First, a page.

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Defensive Programming x Fintech

Defensive Programming x Fintech

What is defensive programming? How to master this discipline. common mistakes and tips for better code

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Merab Tato Kutalia

September 08, 2019
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  1. Defensive Programming X FinTech

  2. Defensive Programming X FinTech Tato Kutalia, eMoney/MyCoins Android Dev fb.com/tatocaster

    github.com/tatocaster soundcloud.com/debugger-podcast
  3. Defend against the impossible, because the impossible will happen.

  4. Multiple ways to plug Example of extremely bad design

  5. Only one way to plug Example of good design

  6. None
  7. None
  8. Unexpected bug

  9. Add validation

  10. Add error handling

  11. Add logging

  12. = code that should have been there in the first

    place
  13. Suggestions

  14. Safe zones - Protect code from invalid data coming from

    “outside”
  15. Safe zones - Protect code from invalid data coming from

    “outside” - Everything outside of the boundary is dangerous
  16. Safe zones - Protect code from invalid data coming from

    “outside” - Everything outside of the boundary is dangerous - Double check for limits and bounds
  17. Safe zones - Protect code from invalid data coming from

    “outside” - Everything outside of the boundary is dangerous - Double check for limits and bounds - Do whitelists, not blacklists
  18. Handling - Defensive Programming is NOT about swallowing errors or

    hiding bugs
  19. Handling - Defensive Programming is NOT about swallowing errors or

    hiding bugs - Return an error and stop (fail fast)
  20. Handling - Defensive Programming is NOT about swallowing errors or

    hiding bugs - Return an error and stop (fail fast) - Return a neutral value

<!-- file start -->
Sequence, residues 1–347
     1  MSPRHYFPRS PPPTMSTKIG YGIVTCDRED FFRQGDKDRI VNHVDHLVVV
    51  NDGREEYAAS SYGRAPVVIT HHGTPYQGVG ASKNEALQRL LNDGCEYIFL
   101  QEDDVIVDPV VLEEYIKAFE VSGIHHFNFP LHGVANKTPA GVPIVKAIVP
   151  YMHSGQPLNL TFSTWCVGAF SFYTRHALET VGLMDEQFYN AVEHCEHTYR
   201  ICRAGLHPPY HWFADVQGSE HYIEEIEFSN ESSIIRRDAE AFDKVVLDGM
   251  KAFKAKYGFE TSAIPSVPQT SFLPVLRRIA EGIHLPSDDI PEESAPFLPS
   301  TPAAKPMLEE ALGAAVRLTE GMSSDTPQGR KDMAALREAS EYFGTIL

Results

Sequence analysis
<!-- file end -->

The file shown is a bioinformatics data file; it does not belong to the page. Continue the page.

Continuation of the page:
21. Handling - Defensive Programming is NOT about swallowing errors or

    hiding bugs - Return an error and stop (fail fast) - Return a neutral value - Don’t be afraid to fail!!!
  22. Code doesn’t work as advertised - Don’t assume that a

    function call outside of code will work as advertised.
  23. Code doesn’t work as advertised - Don’t assume that a

    function call outside of code will work as advertised. - Always wrap 3rd party libraries with your own gateways.
  24. Code doesn’t work as advertised - Don’t assume that a

    function call outside of code will work as advertised. - Always wrap 3rd party libraries with your own gateways. - ALWAYS!
  25. Assertions - Use assertions to document assumptions and to highlight

    “impossible” conditions (dev env)
  26. fun register(facebookAccessToken : String) { val response = facebookSdkClient.getUserByToken(facebookAccessToken) if

    (response.email.isNullOrEmpty()) throw IllegalArgumentException("Invalid response from Facebook") // Register the user }
  27. Logging - Add logging and tracing to help explain what’s

    going on at run-time, especially if you run into a problem.
  28. Logging - Add logging and tracing to help explain what’s

    going on at run-time, especially if you run into a problem. - Use 3rd party systems to analyze logs and maintain the same level
  29. Standardize error handling - “Normal errors” vs “Expected errors”

  30. Standardize error handling - “Normal errors” vs “Expected errors” -

    Not all errors are errors
  31. authorizeUserWithUsernameAndPassword(user, pass) .subscribe({ when { it.errorCode != 0 -> {

    // API error } else -> { getUserInfo(it.accessToken) } } }, { // Any other error. Throwable })
  32. authorizeUserWithUsernameAndPassword(user, pass) .subscribe({ result: ApiResponse<LoginResponse> -> when { result.errorCode !=

    0 -> { // API error } else -> { getUserInfo(result.accessToken) } } }, { it: Throwable // Any other error. Throwable })
  33. Misc - Never ever wait forever on an external call,

    especially a remote call.
  34. Misc - Never ever wait forever on an external call,